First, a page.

The spiritual and environmental qualities of water are wide at Rockefeller Chapel concert

Sun Mar 01, 2015 at 5:23 pm

By John Y. Lawrence

Jerod Impichchaachaaha’ Tate's "Oka’ Aya’sha’" had its world premiere Saturday night at Rockefeller Chapel.
Jerod Impichchaachaaha’ Tate’s “Oka’ Aya’sha’” had its world premiere Saturday night at Rockefeller Chapel.

James Kallembach led the Rockefeller Chapel Choir and the Decani in a concert titled “Sacred Powers of Water,” as part of the chapel’s “Quire & Place” series. The concert, which took place Saturday evening at Rockefeller Chapel, was true to its title, and consisted of water-themed pieces, with the first half devoted exclusively to a cappella repertoire.

The high level of artistry at this concert was established by its opening work—Michael Tippett’s setting of the African-American spiritual “Deep River,” from his oratorio A Child of Our Time. Kallembach and the choir employed a large dynamic range, and the solo quartet delivered each cry of “Lord” with great urgency.

The second piece was the world premiere of Water on the Thirsty Land: Three Songs from the Book of Isaiah, a composition by Katherine Pukinskis, a graduate student at the University of Chicago. Though the basic sound-palette of the piece is quite accessible, surprising harmonic shifts abound, with a particularly unexpected one in the middle of the word “generations” in the third song.

The choir responded well to the opportunities afforded by the music. Pukinskis’s suspension-filled textures are the kind that expose any flaws in tuning, but the choir’s tone was clear and pure. They produced an otherworldly sound as they intoned “you are mine” in the first song, and they ended the piece with a rich, dark hue for the resonant low chord on the concluding word “continually.”

In Henryk Górecki’s Szeroka Woda (Broad Waters), a setting of five Polish folk poems celebrate the rivers of that country. Here Kallembach and the choir got to display some colors that had not been shown yet in the other works. In the second song, “Oj, kiedy na Powislu,” the singers transformed their voices into percussion instruments for its pulsing backdrop. And in the concluding movement, “Szeroka Woda,” they showed that they could sustain a loud, full-throated sound without becoming strident. This made the delicate and slow reprise that followed all the more effective.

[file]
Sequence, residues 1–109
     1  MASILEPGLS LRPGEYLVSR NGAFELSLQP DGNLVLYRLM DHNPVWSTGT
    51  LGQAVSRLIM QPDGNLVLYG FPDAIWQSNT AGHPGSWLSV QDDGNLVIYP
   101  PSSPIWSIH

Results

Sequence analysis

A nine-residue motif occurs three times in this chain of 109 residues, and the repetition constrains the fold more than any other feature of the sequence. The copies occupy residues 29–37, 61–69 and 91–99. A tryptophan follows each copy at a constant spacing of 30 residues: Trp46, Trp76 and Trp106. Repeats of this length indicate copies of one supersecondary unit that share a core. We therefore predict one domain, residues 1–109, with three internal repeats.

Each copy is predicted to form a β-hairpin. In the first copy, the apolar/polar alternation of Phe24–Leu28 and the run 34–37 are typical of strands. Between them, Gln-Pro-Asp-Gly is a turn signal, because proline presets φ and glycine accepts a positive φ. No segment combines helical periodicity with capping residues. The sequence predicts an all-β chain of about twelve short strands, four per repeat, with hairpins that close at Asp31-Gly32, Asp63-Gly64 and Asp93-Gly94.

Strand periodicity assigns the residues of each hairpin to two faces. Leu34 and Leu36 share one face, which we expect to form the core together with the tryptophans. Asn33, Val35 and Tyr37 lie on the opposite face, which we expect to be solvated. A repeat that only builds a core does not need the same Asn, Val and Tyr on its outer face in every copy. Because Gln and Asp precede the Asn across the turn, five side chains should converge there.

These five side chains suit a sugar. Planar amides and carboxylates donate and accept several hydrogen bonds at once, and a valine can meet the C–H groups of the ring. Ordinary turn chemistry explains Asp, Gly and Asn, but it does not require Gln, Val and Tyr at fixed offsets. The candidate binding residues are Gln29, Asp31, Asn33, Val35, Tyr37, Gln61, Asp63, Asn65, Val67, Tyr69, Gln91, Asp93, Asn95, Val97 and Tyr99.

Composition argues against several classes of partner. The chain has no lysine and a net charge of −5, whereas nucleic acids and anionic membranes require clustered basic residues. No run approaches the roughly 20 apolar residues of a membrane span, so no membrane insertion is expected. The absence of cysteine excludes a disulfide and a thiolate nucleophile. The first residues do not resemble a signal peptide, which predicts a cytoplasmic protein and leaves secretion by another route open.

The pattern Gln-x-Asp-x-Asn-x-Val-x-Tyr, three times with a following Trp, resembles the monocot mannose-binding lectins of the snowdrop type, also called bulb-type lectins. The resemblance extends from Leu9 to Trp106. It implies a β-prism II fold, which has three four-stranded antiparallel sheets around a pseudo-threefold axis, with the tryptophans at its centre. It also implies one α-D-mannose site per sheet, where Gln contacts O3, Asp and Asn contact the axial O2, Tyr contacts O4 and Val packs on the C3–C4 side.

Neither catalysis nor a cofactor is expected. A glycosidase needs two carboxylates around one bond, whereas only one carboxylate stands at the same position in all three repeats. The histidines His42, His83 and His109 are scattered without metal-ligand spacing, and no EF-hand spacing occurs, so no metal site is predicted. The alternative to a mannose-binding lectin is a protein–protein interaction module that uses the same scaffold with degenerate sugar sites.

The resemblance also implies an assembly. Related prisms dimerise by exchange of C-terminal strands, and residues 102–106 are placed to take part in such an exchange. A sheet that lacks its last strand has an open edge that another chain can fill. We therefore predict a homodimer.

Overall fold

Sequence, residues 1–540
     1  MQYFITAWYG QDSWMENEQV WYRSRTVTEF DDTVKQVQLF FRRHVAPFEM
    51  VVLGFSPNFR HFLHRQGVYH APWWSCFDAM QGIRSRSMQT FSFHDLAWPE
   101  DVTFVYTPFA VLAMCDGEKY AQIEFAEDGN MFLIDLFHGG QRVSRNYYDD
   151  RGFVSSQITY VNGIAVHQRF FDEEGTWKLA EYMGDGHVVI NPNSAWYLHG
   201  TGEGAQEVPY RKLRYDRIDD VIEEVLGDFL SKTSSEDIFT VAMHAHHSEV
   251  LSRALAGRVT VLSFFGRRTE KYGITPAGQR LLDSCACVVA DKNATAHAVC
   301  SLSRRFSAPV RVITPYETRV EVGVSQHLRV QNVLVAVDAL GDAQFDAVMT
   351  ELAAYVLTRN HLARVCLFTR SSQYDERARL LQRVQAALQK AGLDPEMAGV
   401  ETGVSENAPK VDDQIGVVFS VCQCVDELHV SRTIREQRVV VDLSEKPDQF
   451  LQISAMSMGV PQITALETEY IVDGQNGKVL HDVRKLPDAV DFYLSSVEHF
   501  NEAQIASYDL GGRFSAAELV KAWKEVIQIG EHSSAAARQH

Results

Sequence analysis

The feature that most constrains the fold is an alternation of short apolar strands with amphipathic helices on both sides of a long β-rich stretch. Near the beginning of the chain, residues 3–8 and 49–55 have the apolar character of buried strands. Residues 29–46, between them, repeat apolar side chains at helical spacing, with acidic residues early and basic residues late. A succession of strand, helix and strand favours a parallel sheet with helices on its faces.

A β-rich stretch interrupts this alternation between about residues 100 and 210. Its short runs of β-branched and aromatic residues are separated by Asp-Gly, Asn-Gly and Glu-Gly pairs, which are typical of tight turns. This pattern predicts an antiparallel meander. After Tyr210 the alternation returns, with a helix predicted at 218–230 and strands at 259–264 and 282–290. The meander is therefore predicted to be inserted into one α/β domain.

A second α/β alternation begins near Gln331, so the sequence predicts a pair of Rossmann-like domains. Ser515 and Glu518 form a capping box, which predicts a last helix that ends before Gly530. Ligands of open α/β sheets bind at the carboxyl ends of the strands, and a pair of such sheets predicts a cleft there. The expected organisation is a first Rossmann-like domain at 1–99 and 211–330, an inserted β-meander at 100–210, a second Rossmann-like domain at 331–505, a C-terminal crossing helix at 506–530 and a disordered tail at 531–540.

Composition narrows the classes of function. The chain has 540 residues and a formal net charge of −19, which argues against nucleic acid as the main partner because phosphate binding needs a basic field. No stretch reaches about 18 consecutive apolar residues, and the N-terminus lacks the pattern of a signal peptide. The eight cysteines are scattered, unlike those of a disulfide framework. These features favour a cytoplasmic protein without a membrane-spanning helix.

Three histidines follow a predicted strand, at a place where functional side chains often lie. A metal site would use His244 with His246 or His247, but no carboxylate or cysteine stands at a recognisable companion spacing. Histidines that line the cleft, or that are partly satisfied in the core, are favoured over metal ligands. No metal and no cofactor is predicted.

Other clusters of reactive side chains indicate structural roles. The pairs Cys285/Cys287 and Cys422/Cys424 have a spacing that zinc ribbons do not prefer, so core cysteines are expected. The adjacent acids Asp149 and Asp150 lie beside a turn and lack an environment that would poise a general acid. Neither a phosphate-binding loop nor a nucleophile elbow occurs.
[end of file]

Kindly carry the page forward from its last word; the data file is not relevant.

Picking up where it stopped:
After the previous works offered such a wide dynamic range, the smaller-scaled performance of Aaron Copland’s In the Beginning was an apt contrast. Copland’s setting of the Creation from the King James Bible eschews the sort of text painting Haydn employs in his famous oratorio: there is no explosion of sound when God creates light, no depictions of the individual creatures. Instead, the dramatic arc is projected through the individual character of each day.

Kallembach and the choir distinguished these well, particularly in the imitative counterpoint of the second day, and in the typically Copland-esque syncopations of the fourth day, which they rendered with the necessary rhythmic snap. The part for solo mezzo-soprano can be unrewarding, consisting of emotionless narrative declamation, but Lindsey Adams’ warm, focused timbre made the role a pleasure, with every pitch natural and dead-on.

After the very strong first half, some of the programming choices after intermission felt odd. A performance of James Erb’s familiar arrangement of the traditional melody “Shenandoah” was followed by a transcription for solo organ of Delius’s Aquarelle. Perhaps it was a product of the transcription, but Thomas Weisflog’s performance felt choppy, rather than flowing and impressionistic, like the original. The piece also abandoned the focus on the spiritual dimensions of water, which the rest of the program maintained.

After the organ solo, Christopher Neill—director of the Ecosystems Center at the university’s Marine Biological Laboratory—ascended to the lectern to give an impassioned environmentalist sermon on the destruction of our coastal marshlands, the Arctic sea, and the flying rivers of the Amazon basin. While timely relative to world events, this speech’s appearance in the middle of the concert, felt preachy and jarring, and made an ill-suited introduction to the world premiere that followed.

Oka’ Aya’sha’ (The Water Place) by Jerod Impichchaachaaha’ Tate, a Chickasaw composer, draws upon musical material from his nation’s “Gar Fish Dance” and “Raccoon Dance” songs. For this work, the choir was accompanied by an orchestra consisting of ten woodwinds and two percussionists.

Whereas most of the pieces on the program rapidly shifted moods, Tate’s work operates in an entirely different aesthetic. His piece is composed of extended blocks of sound, with the choir often chanting long stretches of text on the same tone. The infrequent shifts in mood arrive as major events, and are mostly catalyzed by the orchestra, instead of the choir, evoking water through swirling woodwind figures and thundering timpani. It is the kind of piece that conjures sonic spaces to inhabit, rather than moments to cling to, and as such it was well-suited to the environment of Rockefeller Chapel.

A version of this program will be repeated in September, at the Marine Biological Laboratory in Woods, Massachusetts.

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